The footsteps, though, did not belong to Marthe. He realised that he knew her soft footfalls as if he had been listening to them for years. These were heavier and there seemed to be two sets of them. Eloi and Josse. He tried to remain sleeping – they might wake him if they had anything worth discussing, but more likely they would wait until Marthe came back, eating cheese and bread, and playing a strange card game that they would not explain the rules for. He flicked an eye open once more to confirm that it was them and started in his chair, nearly impaling himself on the short sword that was levelled towards his face.

“Wakey wakey.”

The voice was gruff, almost gravelly. Mishak switched his focus to the face of the man holding the sword. He had a few days of growth on his chin; a sort of tawny colour, which was at odds with his dark hair. His face was lined with dirt and sweat. His clothes were the rough, also dirty. Clearly he had been travelling for some time.

“Who are you?” Mishak asked, sitting up straight in the chair and trying to sound confident.

“Who are you?” the tawny bearded man growled back at him.

“What does it matter who he is, Straton? Ask him about the girl.”

The second man was thinner than his companion and older. There were grey streaks in his dark hair and lines crossed his face. His lips were thin and it seemed as if he wore a permanent scowl. His clothes were also dirty, stained with travel, but they were of a much finer cut. It was clear who was giving the orders here.

“Is there a girl here with you?” Straton asked.

“No,” Mishak lied.

Straton’s eyes narrowed and he turned the point of the sword down towards Mishak’s chest.

“Is there a girl here with you?” he asked again, deliberating over every word to drive home the threat of the blade for the wrong answer.

“No,” Mishak said again.

“Where is the girl Marthe?”

The elder man pushed Straton roughly aside and grabbed Mishak by the shoulders as he asked his question. Mishak yelped as the man’s thumb dug into his wounded shoulder. The man’s face twisted into a smile. There was no warmth in it at all. He took a horse whip from his belt and turned it in his hand, pushing the hard end of it against Mishak’s shoulder. Pain swept through him, radiating out from the stitched wound.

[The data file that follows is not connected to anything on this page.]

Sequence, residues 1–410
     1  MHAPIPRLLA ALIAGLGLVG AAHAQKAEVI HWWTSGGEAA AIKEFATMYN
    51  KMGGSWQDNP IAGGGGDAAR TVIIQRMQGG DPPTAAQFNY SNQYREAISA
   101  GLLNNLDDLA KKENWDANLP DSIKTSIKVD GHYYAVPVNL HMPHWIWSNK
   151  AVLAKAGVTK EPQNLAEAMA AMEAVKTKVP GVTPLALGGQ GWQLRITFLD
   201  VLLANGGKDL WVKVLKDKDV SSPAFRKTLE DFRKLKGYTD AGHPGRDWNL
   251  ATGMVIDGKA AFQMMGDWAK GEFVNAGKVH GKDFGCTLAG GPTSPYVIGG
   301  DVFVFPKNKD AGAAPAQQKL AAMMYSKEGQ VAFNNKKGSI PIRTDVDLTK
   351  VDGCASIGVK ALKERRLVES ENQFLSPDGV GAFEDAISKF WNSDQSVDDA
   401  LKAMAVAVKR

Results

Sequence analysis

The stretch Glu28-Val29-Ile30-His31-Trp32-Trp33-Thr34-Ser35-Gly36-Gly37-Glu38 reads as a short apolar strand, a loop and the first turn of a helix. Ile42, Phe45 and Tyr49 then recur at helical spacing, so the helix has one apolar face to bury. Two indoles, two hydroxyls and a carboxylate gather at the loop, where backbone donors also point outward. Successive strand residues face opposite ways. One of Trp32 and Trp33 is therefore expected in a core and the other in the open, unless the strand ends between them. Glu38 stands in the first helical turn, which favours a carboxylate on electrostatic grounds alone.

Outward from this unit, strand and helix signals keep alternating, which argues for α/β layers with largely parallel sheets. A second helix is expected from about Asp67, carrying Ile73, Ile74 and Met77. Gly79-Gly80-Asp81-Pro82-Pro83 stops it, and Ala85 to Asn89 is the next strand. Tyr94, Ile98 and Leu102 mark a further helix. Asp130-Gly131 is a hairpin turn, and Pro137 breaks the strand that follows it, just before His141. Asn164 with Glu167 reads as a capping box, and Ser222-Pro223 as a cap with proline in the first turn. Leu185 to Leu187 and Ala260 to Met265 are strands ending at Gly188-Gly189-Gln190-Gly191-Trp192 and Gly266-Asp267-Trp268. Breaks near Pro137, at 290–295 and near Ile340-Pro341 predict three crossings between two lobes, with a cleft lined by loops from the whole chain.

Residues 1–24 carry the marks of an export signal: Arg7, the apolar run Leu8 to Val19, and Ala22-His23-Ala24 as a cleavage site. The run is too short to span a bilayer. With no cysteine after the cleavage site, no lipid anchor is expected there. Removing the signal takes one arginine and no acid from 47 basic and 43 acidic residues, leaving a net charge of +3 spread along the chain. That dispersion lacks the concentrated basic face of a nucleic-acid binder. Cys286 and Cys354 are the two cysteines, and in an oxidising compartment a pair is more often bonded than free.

“Where is the girl?”

“What girl?” Mishak asked through gritted teeth, breathing heavily and curling his hands into fists to try to resist the pain. It didn’t work.

The man grabbed hold of the light tunic Mishak wore and ripped it apart, exposing the bandages. Blood was beginning to seep through them; the stitches had broken, re-opening the wound. Seeing that made the pain seem much worse and it took every effort of Mishak’s will to keep him from shaking. The silver haired man smiled and pushed the whip into the wound again. Mishak twisted away, trying to shrug the whip off. The man seemed to freeze and then relented. The smile grew wider as he looked at Mishak’s chest. Mishak looked down and knew what he was looking at – the ‘M’ brand stood out clearly in the firelight.

“Straton, if you would be so good as to fetch the guard. We’ve a murderer for the rope here.”

“Yes, Lord Abelard,” Straton said, rising from the floor and striding confidently towards the door.

Mishak looked from Abelard to Straton and back again. He did not want to bring Marthe to harm, but it had been sheer luck that had allowed him to escape the rope the first time around. He might not get lucky again.

“Wait!” he shouted.

Abelard held his hand up and Straton’s hand froze on the door handle. Mishak took a deep breath, trying to work out if he would be able to stand and make it through the kitchen door before they could catch him. They would not be expecting it, but there was little chance that he could outrun two of them, particularly with a severe wound in the shoulder.

“Well?” Abelard prompted.